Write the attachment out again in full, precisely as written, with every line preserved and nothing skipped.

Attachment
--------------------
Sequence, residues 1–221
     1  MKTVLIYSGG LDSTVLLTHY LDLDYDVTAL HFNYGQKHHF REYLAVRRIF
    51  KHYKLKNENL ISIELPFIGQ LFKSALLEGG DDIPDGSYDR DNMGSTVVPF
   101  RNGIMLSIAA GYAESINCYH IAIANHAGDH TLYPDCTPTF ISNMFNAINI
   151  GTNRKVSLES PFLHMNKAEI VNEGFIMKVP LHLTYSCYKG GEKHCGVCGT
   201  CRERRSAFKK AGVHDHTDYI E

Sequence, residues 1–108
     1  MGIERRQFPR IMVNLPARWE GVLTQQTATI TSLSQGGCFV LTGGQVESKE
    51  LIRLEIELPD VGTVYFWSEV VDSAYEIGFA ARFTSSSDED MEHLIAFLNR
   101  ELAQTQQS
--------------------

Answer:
Sequence, residues 1–221
     1  MKTVLIYSGG LDSTVLLTHY LDLDYDVTAL HFNYGQKHHF REYLAVRRIF
    51  KHYKLKNENL ISIELPFIGQ LFKSALLEGG DDIPDGSYDR DNMGSTVVPF
   101  RNGIMLSIAA GYAESINCYH IAIANHAGDH TLYPDCTPTF ISNMFNAINI
   151  GTNRKVSLES PFLHMNKAEI VNEGFIMKVP LHLTYSCYKG GEKHCGVCGT
   201  CRERRSAFKK AGVHDHTDYI E

Sequence, residues 1–108
     1  MGIERRQFPR IMVNLPARWE GVLTQQTATI TSLSQGGCFV LTGGQVESKE
    51  LIRLEIELPD VGTVYFWSEV VDSAYEIGFA ARFTSSSDED MEHLIAFLNR
   101  ELAQTQQS